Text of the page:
Cuzco

We’ve now spent a week in Cuzco, once the capital of the Incan empire, now tourism capital of Peru. There’s a lot to see and do but we’ve been taking things at a chilled pace after all the rushing around at the start of the trip…

First up, there are an awful lot of Incan ruins to visit in the area around Cuzco, known as the Sacred Valley – it was one of the reasons that we decided on Peru over other South American countries. However, unfortunately these ruins have been for the most part a big disappointment. Compared to ruins in Europe, Incan ruins are frankly just a bit pathetic. I mean, the Incan heyday was in the 1400s and 1500s but their cities and palaces look like something from Archaic Greece (c1000 BC) – they resemble places like Mycenae and Tiryns. Sure, they built big stone walls – but little in comparison to the sort of palaces around in 15th century Britain. They hadn’t even invented iron smelting – let alone literature or drama! The one thing that the Incas do have on the Europeans is landscape – the mountains are higher, the valleys are greener, and in general the views are more spectacular…

One event that I was looking forward to in Peru was Semana Santa (Holy Week). In Europe, Easter is mainly about delicious chocolate Easter eggs and a couple of bank holidays, but it’s taken much more seriously in South America. Most cities have week long festivities with numerous parades, but Cuzco’s festival is based around the Monday of Semana Santa, when the procession of El Señor de los Temblores (The Lord of Earthquakes) is held. A figure of Christ on the cross is paraded through the town centre with a solemn band, and as it passes, people throw red flowers (symbolising the blood of Christ) down onto it from specially decorated balconies. The skin of the figure is black from all the candle smoke – the reason the Peruvians venerate it so greatly is that it was a figure sent by the Spanish king to help convert the natives, and in the middle of an earthquake they brought it out of the cathedral and the earthquake stopped. I’m not quite sure who it was who in the middle of an earthquake thought of carrying out a statue so heavy it takes 45 men to lift it up (it weighs over 600kg), but that’s the story at least… The weight also means the procession is incredibly slow, and they have to change the bearers every 15m or so – plenty of time to take pictures!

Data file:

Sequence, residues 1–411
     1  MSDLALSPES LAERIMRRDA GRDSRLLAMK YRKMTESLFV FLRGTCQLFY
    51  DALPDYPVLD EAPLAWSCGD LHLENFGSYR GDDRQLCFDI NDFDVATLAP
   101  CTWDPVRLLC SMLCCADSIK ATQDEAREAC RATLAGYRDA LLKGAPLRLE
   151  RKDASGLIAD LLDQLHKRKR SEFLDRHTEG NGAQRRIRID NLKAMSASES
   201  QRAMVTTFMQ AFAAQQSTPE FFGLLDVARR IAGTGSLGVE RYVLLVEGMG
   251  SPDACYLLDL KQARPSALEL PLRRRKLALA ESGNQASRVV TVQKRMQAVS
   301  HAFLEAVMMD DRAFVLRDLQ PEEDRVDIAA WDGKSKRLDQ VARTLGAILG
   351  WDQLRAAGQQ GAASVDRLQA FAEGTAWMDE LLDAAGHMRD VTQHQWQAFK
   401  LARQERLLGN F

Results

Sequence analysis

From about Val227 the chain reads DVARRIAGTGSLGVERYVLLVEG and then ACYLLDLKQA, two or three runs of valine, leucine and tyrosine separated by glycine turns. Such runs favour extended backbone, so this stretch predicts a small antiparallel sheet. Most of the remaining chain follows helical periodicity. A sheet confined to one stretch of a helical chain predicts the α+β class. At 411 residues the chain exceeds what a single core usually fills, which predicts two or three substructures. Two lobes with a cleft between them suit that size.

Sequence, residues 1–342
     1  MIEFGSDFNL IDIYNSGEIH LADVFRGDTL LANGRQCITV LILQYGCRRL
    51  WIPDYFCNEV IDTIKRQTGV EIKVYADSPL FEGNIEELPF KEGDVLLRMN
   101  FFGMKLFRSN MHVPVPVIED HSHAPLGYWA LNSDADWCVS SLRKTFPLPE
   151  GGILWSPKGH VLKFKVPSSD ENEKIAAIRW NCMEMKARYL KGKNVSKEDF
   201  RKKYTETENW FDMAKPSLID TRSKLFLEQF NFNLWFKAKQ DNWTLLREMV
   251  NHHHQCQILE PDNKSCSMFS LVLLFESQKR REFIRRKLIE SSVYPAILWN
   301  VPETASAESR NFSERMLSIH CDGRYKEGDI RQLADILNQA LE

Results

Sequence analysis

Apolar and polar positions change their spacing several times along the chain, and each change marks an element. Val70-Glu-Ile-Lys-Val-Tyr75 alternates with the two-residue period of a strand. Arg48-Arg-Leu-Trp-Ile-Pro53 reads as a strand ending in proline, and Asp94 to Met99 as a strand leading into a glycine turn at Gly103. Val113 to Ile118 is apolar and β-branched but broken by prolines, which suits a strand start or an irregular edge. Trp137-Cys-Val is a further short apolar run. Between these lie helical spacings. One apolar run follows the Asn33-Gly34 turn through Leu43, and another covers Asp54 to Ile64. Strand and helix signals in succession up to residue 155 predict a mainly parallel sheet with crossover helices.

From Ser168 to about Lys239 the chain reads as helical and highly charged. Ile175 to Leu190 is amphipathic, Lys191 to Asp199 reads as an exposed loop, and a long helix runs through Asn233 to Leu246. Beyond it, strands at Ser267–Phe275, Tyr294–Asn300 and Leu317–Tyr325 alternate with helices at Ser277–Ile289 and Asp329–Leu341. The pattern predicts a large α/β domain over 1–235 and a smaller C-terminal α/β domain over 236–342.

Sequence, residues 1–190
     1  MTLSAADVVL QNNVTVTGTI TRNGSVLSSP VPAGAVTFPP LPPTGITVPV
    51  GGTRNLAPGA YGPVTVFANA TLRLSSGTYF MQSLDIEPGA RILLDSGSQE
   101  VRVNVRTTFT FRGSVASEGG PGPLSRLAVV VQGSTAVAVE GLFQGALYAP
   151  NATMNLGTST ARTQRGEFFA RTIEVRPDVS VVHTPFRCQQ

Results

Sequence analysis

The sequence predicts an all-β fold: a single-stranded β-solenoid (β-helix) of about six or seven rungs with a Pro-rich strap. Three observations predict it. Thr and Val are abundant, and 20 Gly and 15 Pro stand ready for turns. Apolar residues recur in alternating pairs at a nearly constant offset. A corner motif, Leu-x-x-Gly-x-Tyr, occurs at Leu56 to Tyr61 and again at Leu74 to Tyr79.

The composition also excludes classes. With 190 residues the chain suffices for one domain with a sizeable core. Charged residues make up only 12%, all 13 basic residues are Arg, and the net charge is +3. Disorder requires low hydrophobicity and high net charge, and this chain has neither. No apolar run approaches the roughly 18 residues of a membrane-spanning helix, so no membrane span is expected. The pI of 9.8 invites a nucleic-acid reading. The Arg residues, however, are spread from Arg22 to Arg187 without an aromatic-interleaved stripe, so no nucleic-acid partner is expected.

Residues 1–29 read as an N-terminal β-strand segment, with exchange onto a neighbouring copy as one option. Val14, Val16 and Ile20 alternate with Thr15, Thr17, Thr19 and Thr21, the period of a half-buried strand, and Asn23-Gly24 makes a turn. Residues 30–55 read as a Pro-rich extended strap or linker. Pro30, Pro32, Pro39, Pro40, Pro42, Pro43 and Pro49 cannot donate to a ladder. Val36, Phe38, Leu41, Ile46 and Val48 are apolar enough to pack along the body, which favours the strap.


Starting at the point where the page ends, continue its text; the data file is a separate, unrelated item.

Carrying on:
The reason I found the festival so interesting was that although it’s a Christian festival, it has strong Incan roots – the Incas had a tradition of parading the mummies of their ancestors through the same streets and the same type of red flower (called nucchu) was used to worship their rulers… So I’ve sort of been to an Incan festival which is very cool!

By the time the procession reaches the plaza de armas in the evening, the whole city has turned out and the square is packed for a blessing as the Christ figure enters the cathedral. We saw the procession several times in the day and joined the crowd in the evening: the atmosphere was electric, and more akin to the crowd of a music festival waiting for the headlining band than a religious event.

Today we went to some thermal springs – expecting hot springs, they turned out to be lukewarm and rather muddy, but I’ve not been in a real thermal pool before so worth the experience. Tomorrow we set off for the Inca trail, a 4 day hike up to Machu Picchu. People who we’ve met along the way who have already done it have described it in optimistic terms such as ‘living hell’ so we are very excited about it – if you don’t hear from us in 5 or 6 days, assume the worst…904849_10151528708322710_941668164_o

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